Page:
And then the Gold Star, that is, for the USMC, a device indicating the second reception of the DFC:
That’s all I have for this one, with the Navy Personnel Command in Millington TN only sending a box checked next to the title and noting the Gold Star. I wish I knew more about the particularities. As both notifications say at the Hall of Valor Project, “Citation Needed”. I’m thinking that the citations are classified, the reason for extra-effort to write a “synopsis.”
I remember that as a little boy, dad explained that this was the Distinguished Flying Cross, a propeller over a cross. To me, this was stunning, an intersection of society and religion, of military service and religion, the highest form of honor that could be given to a war-award, thought I, that which recalled the the epic battle of heaven over against hell, of Jesus over against the forces of evil, recalling that this battle was that of the greatest love, laying down one’s life for one’s friends, the greatest form of patriotism. “What’s the Gold Star?” I asked. “For receiving it twice,” he said. “Twice” thought I, in awe.
I would then grab a plastic model of the Corsair dad flew, and run about inside the house and out, pretending to be the pilot in battle, and inspired.
Marine Fighter Attack Squadron 312, the Checkerboarders, callsign “Check!” Note that the model above depicts the final, most powerful version of the plane that could out-fly all the early jets to follow.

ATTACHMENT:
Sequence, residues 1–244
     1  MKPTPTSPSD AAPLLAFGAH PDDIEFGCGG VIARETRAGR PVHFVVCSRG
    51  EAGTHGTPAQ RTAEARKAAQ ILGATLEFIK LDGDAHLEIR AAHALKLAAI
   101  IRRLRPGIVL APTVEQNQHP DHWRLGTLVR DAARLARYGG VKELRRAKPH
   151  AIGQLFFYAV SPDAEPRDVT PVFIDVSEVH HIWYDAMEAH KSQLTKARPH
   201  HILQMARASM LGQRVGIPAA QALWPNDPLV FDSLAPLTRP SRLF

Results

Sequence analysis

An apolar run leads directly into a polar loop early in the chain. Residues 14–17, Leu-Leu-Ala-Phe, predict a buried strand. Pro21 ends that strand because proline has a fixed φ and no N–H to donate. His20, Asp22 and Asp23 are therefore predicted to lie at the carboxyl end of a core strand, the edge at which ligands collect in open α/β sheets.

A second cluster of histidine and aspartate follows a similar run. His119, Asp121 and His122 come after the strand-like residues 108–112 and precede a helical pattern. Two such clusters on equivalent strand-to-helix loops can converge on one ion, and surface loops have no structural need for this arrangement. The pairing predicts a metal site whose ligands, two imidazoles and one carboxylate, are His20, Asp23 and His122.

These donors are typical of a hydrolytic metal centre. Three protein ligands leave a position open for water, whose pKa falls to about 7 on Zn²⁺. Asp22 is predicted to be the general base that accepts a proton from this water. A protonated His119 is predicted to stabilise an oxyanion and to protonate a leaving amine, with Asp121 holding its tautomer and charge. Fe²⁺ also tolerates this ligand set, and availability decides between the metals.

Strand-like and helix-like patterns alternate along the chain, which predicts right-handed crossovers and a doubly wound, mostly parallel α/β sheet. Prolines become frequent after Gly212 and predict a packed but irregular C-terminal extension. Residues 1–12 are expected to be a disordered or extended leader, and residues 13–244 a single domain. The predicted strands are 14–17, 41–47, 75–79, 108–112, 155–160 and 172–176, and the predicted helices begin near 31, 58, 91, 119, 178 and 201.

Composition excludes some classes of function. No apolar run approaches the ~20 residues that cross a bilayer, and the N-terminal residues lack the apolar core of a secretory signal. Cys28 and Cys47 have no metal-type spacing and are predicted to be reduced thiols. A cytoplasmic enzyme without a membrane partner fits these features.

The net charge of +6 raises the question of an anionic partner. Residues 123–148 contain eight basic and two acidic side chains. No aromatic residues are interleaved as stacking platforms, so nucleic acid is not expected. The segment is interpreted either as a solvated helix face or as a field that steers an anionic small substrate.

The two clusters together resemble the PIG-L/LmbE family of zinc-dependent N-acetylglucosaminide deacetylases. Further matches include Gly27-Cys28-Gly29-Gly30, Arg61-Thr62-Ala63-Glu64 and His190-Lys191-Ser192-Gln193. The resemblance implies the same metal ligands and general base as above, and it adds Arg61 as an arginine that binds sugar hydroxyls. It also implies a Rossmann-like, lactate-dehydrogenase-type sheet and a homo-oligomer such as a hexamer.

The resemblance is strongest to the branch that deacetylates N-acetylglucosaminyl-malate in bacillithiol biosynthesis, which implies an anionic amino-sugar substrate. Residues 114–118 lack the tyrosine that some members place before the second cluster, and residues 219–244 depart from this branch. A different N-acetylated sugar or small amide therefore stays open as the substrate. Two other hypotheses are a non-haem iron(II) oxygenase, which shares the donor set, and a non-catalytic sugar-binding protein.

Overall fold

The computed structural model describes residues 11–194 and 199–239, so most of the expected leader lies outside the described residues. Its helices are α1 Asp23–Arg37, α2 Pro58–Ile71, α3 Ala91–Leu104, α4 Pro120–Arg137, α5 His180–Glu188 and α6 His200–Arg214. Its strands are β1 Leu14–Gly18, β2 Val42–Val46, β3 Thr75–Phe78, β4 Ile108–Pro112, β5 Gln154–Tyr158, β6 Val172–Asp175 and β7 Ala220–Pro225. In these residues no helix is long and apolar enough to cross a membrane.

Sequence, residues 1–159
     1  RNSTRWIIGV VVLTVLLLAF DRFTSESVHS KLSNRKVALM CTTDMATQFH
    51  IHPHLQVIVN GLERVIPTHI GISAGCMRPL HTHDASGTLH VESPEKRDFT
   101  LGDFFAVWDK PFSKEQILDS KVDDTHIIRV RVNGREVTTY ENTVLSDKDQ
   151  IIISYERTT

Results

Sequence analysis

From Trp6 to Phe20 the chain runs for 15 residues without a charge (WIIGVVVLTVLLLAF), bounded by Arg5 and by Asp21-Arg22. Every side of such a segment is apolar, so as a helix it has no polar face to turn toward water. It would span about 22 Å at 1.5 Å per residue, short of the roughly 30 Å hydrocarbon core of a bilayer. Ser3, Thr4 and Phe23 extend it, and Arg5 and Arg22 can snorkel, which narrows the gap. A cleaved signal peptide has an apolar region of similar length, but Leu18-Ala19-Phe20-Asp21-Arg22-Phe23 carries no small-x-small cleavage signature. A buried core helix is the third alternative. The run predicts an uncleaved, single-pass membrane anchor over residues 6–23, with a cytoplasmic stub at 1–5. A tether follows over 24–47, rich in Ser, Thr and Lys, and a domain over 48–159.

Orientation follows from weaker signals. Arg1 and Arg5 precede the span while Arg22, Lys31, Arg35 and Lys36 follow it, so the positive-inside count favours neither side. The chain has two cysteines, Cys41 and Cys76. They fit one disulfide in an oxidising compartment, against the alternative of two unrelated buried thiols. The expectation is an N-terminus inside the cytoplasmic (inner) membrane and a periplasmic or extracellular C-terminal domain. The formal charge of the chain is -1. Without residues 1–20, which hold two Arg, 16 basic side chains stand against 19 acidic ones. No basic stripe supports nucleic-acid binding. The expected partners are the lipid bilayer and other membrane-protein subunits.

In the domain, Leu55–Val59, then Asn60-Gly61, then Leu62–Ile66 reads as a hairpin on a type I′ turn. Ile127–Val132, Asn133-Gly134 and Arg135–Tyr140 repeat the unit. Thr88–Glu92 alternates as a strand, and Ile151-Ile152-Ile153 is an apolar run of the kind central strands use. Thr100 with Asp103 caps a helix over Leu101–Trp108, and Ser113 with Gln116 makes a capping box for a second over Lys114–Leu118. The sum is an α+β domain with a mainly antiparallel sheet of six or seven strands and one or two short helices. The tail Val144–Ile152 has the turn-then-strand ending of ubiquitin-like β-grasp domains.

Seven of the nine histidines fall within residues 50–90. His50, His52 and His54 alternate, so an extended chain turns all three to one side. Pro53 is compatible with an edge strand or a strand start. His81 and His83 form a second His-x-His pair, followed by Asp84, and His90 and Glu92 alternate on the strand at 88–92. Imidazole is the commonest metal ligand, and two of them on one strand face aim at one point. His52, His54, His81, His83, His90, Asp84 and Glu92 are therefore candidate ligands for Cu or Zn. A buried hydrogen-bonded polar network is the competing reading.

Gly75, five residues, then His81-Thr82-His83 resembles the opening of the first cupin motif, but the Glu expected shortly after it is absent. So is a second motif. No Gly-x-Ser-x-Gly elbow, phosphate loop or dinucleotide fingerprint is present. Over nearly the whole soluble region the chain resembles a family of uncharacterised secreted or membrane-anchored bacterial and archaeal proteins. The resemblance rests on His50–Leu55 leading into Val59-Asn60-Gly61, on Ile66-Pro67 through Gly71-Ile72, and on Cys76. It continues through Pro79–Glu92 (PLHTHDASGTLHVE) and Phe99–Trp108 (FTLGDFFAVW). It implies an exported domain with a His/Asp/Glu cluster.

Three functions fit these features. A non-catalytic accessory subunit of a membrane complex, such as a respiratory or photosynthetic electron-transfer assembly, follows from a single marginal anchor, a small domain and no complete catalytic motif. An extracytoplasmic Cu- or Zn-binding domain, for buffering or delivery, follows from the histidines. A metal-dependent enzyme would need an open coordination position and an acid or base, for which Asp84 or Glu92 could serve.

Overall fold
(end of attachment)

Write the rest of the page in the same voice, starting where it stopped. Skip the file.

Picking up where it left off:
Note the three holes on the front edge of both wings, making for fully six 50 cals that could run at the same time, a kind of precursor to the A-10 “Warthog” that, to date, still surpasses the rate of fire of the Warthog.
- Today’s A-10 “Warthog” can belt out seventy rounds a second from its single 50 cal gatling gun.
- The later, Korean war version of the Corsair, fitted with fully six AN/M2 Browning 50 cals could, in theory, put out a maximum of eighty five rounds a second.
Actually, anything faster than this simply is no longer useful and such a waste of ammo, which already weighs way too much.
The missiles, dad explained, were used for the usual sorties of taking out munitions trains and bridges.
During such excursions, he said that he would be flying in “North” Korea just above the ground, over rice paddies, and that the farmers would look up at him as he flew just overhead. He said he could see the faces of women and children, and that that’s what inspired him to serve and put himself at risk. It was all for them. They deserved better than horrific communism which was dragging them down and which threatened to drag us down. If you want to know what “down” is, try the hell-hole of Venezuela right now, or, still to this day, “North” Korea as opposed to “South” Korea.